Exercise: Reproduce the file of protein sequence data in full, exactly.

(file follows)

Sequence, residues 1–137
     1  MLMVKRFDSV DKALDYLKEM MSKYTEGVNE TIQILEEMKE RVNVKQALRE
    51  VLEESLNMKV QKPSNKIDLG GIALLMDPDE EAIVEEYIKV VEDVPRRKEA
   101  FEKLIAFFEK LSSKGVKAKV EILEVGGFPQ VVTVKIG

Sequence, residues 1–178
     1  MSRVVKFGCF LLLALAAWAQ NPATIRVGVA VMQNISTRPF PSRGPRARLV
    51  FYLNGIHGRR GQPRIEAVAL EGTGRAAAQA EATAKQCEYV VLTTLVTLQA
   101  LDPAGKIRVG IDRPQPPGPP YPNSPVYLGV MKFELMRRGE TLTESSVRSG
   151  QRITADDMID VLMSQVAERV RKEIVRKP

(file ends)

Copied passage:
Sequence, residues 1–137
     1  MLMVKRFDSV DKALDYLKEM MSKYTEGVNE TIQILEEMKE RVNVKQALRE
    51  VLEESLNMKV QKPSNKIDLG GIALLMDPDE EAIVEEYIKV VEDVPRRKEA
   101  FEKLIAFFEK LSSKGVKAKV EILEVGGFPQ VVTVKIG

Sequence, residues 1–178
     1  MSRVVKFGCF LLLALAAWAQ NPATIRVGVA VMQNISTRPF PSRGPRARLV
    51  FYLNGIHGRR GQPRIEAVAL EGTGRAAAQA EATAKQCEYV VLTTLVTLQA
   101  LDPAGKIRVG IDRPQPPGPP YPNSPVYLGV MKFELMRRGE TLTESSVRSG
   151  QRITADDMID VLMSQVAERV RKEIVRKP